THE MARK OF THE ASSASSIN by Daniel Silva

THE MARK OF THE ASSASSIN

KIRKUS REVIEW

Silva, whose debut, The Unlikely Spy (1997), put the WWII thriller back on the map, brings the genre up to date with a vengeance in an exhilarating story that roots razzle-dazzle espionage heroics in contemporary political headlines. The Islamic fundamentalist group Sword of Gaza has apparently claimed responsibility for the Stinger missile attack that brought down TransAtlantic Flight 002, and the President, lagging in the polls a month before the next election, has responded by recommending a costly new antimissile defense system. But wiser heads at the CIA don’t believe that Sword of Gaza shot down the plane. Michael Osbourne in particular has reason to remember the signature wounds in the face of the dead terrorist found near the Stinger launcher, since years ago his lover was killed in the same distinctive way. Now that Michael and his wife Elizabeth are trying for their last chance to have children, he’s called away from her side to go after his bàte noir, the freelance assassin dubbed October, who all but pointed the Stinger at Flight 002, and who’s now agreed to execute all the accomplices to the deed. Michael would be even more worried if he knew about the troubles he had much closer to home—for example, the Society for International Development and Cooperation, those warmongers whose tentacles reach high up in the Agency and the White House itself. The closer Michael gets to October, who’s now taken out a Society contract to liquidate Michael, the greater the danger to himself, his wife, and—thanks to a gleefully inventive series of plot twists—the American political system as we know it. TWA Flight 800, Star Wars, Whitewater, Vince Foster—they’re all here, together with enough soothingly familiar spy stuff (the beautiful killer, the triple-cross, the conspiratorial military-industrial complex) to wring a sigh of pleasure and recognition from the most rabid paranoiac. (First printing of 150,000; Literary Guild selection)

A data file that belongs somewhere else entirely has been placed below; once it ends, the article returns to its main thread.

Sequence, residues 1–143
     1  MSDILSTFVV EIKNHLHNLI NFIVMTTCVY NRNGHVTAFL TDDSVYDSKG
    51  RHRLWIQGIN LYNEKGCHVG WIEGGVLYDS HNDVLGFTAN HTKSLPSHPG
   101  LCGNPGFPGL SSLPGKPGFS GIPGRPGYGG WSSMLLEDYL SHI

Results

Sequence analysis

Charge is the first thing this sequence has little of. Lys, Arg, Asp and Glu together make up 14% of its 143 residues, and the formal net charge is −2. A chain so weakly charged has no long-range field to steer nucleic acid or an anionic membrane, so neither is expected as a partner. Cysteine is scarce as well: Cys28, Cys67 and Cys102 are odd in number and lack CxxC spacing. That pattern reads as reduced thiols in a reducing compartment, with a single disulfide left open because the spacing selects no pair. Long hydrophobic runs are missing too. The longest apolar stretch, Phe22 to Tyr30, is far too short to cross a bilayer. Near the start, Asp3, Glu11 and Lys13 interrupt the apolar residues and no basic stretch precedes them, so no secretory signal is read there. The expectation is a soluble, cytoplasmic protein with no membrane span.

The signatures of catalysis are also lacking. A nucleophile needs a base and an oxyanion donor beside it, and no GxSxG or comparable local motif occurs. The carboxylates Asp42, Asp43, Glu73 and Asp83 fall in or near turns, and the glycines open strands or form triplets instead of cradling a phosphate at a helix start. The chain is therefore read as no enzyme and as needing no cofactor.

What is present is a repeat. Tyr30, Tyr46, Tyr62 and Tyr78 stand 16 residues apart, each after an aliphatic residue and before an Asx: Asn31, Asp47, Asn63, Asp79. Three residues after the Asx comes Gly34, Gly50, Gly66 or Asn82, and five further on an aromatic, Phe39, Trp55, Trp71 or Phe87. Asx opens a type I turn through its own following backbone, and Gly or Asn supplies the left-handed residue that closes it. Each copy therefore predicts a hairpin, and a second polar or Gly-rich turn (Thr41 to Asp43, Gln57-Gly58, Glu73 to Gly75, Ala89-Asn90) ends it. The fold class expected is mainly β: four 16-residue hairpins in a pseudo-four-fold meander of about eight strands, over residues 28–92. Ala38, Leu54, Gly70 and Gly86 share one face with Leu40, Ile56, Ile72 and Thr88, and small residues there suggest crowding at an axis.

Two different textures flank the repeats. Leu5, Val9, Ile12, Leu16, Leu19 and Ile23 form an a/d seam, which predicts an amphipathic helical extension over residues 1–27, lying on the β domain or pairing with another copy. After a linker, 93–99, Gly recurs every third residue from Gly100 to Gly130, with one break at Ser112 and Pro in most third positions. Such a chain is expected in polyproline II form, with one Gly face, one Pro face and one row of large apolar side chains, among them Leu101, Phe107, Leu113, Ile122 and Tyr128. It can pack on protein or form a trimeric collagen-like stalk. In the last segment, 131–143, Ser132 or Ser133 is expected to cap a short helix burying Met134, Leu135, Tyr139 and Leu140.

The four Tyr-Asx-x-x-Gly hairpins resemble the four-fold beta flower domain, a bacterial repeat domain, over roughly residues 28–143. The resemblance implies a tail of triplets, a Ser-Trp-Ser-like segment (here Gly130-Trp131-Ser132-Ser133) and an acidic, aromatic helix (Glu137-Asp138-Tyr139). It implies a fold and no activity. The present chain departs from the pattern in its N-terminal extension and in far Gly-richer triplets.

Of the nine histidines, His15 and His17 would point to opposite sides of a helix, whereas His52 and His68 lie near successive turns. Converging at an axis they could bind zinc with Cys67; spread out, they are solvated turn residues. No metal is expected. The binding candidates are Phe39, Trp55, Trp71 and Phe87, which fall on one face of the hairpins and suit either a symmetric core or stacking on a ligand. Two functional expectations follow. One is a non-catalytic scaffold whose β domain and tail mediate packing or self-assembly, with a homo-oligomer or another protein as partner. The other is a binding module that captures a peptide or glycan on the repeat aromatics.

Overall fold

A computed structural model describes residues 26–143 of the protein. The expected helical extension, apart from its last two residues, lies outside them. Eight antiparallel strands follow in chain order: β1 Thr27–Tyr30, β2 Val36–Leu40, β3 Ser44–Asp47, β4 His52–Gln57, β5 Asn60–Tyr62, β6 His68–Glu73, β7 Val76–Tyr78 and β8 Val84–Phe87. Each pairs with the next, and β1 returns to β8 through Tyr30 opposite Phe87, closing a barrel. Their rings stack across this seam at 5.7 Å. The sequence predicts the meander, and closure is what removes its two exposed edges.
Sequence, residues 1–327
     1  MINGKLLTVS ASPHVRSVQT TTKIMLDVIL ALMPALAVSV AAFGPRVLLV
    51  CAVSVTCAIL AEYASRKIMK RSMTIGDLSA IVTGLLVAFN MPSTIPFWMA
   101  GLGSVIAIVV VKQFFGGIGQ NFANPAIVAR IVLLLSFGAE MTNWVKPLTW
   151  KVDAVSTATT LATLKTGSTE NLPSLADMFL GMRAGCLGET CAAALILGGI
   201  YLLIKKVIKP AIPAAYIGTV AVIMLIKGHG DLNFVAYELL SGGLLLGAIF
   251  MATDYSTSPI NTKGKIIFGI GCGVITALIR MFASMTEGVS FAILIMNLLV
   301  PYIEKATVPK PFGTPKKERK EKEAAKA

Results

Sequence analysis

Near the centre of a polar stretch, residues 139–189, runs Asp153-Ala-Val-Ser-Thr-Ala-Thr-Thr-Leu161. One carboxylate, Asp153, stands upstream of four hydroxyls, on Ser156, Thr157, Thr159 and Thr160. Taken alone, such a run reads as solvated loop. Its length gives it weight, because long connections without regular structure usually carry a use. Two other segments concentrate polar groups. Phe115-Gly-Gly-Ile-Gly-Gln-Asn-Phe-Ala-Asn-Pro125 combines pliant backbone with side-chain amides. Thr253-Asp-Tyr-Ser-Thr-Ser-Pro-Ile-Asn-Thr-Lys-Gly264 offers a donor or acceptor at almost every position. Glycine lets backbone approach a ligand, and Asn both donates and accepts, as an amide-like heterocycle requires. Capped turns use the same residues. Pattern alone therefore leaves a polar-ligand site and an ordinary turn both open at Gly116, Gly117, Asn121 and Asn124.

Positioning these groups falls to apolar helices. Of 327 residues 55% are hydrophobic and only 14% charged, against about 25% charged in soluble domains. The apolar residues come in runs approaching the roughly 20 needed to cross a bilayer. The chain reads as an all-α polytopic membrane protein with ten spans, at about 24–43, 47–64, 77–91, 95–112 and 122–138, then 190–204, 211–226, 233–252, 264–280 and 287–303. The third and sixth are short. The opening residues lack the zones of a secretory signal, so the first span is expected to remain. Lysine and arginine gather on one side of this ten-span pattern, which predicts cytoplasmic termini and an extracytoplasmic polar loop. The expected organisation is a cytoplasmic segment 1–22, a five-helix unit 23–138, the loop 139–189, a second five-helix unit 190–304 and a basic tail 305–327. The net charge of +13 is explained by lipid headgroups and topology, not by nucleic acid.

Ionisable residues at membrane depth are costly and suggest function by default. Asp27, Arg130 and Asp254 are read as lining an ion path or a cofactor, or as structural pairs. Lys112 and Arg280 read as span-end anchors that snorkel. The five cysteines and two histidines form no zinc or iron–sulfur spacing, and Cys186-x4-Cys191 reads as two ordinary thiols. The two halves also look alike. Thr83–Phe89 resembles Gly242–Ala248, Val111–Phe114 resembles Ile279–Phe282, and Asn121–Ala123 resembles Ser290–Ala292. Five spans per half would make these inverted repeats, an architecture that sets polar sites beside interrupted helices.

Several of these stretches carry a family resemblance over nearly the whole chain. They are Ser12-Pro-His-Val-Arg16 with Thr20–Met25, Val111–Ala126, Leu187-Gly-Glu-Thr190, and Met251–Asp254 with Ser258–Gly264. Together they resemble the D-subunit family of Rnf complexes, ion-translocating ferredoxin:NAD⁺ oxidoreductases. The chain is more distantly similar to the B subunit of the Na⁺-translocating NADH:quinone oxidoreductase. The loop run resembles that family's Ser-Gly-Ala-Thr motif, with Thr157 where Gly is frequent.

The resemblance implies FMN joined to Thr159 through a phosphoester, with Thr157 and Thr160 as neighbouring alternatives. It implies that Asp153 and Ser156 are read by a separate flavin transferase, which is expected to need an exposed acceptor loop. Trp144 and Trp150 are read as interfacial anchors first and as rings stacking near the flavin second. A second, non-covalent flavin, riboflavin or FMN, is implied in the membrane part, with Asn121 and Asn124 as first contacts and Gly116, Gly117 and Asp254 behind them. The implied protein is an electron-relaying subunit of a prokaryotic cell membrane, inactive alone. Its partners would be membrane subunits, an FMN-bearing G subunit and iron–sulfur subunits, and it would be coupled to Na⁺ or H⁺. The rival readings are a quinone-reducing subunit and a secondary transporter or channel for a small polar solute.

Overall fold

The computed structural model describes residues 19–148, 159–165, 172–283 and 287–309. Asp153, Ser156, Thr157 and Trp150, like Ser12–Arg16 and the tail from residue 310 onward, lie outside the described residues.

Pub Date: April 1st, 1998
ISBN: 0-679-45563-9
Page count: 480pp
Publisher: Villard
Review Posted Online:
Kirkus Reviews Issue: March 1st, 1998




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